With the growing concerns for the climate crisis, the UK has worked continuously in introducing new policies and changes to ensure our carbon emissions continue to reduce before it is too late. One of the most popular things being implemented is the replacement of petrol and diesel cars to electric vehicles (or EVs).
Like petrol and diesel cars, you may want to look at the different specifications to make sure the vehicle is suitable for your lifestyle. However, unlike their counterparts, EVs have their own list of specifications that can seem unfamiliar at first glance.
Here are the top 5 things you should consider when buying an electric car:
The aesthetic of a car is a priority for some people. However, like petrol and diesel cars, certain brands or models are much more expensive than others. Identify the budget you can spend on a car that wouldn’t require you to break the bank, but also be mindful of the additional factors that might impact the cost of running the car. These may include insurance premiums, cost to charge, your weekly mileage or even driving style.
At present, there is also the Plug-in Car Grant (PiCG) scheme that drivers can take advantage of when considering purchasing a new EV. The scheme sees the government offer a cash incentive for consumers to switch from conventional vehicles to eco-friendly electric cars and vans. From March 2020 onwards, a £3,000 or 35 percent of the vehicle’s market value (whichever is lower) can be offered to anyone who purchases an EV.
2. Max EV range
All cars will have a maximum range, for petrol and diesel cars this would be the distance the car can travel on a full tank, whereas for EVs this is the distance the car can travel on full charge. The full range an EV can travel is correlative to the battery size (in kWh) of the vehicle. In short, the bigger the battery, the longer it will be able to travel.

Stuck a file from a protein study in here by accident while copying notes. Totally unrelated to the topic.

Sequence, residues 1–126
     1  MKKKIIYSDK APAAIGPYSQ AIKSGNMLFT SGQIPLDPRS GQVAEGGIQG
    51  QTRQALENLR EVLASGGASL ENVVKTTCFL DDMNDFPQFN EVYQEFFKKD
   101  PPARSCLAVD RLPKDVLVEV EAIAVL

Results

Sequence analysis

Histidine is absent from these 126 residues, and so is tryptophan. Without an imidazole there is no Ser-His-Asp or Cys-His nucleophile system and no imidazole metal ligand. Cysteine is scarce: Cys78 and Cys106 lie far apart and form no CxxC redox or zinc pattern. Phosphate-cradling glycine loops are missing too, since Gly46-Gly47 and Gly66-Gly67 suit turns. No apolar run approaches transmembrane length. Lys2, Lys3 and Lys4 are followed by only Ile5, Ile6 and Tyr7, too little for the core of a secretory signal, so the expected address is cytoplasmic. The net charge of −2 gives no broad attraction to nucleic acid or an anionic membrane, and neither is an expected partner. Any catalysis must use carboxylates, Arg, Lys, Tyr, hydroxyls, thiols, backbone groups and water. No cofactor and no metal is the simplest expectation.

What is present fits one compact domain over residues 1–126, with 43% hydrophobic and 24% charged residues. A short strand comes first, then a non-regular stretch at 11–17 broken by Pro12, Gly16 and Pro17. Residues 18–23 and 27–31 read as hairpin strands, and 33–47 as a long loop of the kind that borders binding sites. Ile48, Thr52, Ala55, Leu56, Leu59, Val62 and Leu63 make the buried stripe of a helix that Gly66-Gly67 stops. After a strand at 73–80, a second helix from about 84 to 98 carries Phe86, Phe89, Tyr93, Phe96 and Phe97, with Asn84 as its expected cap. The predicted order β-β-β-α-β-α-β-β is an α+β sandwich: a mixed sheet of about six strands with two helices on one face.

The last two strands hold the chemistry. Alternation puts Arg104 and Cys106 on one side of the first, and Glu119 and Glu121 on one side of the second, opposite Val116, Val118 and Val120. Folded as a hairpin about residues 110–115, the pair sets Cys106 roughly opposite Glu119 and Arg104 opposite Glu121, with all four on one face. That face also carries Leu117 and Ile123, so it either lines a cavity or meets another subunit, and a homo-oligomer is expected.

Most EVs would offer enough range for an average commute, however, the range of an EV on its full charge may impact how many times you will have to charge in the week or during a long journey. The ranges and the battery capacity on each EV can vary, for example, on the lower range there is the Smart EQ for four has a battery capacity of 17.6 kWh with a max. range of 55 miles and some EVs, like the Tesla Model 3, can travel upto 280 miles on a full charge.
3. Charging method
For most EV drivers, it would be best to be able to charge at home. You would require a parking space and a spot for your to install a charge point. This would allow you to charge at night and get the car ready to go for the next morning.
However, besides charging at home, you may also want to get familiar with the charging connectors and charging tariffs that come with EVs.
In the UK, there are currently 3 types of charging, these include slow, fast and rapid. Each of these have their own set of connectors to deliver the required electricity (kW) to your EV. According to Zap Map, here are the connectors available for each charging:
- 3 Pin – 3 kW AC
- Type 1 – 3 – 6 kW AC
- Type 2 – 3 – 6 kW AC
- Commando – 3 – 6 kW AC
- Type 2 – 7-22 kW AC
- Type 1 – 7 kW AC
- Commando – 7 – 22 kW AC
- CHAdeMO – 50 kW DC
- CCS – 50 – 350 kW DC
- Type 2 – 42 kW DC
- Tesla Type 2 – 150 kW DC
While this may seem overwhelming at first, as long as you plan ahead in identifying which connector your car requires you will be able to charge your EV rather easily. Other solutions may simply mean that you need an adaptor for your EV at certain charging stations.
Now that you have an idea on the key things to look out for when purchasing an EV, you can check out this guide that LeaseCar have prepared. It looks at some of the most popular EV models on the market and gives you a bite size comparison of each of their strengths and weaknesses. If you want to share your top choice of EV, feel free to share via #EVTopTrumps.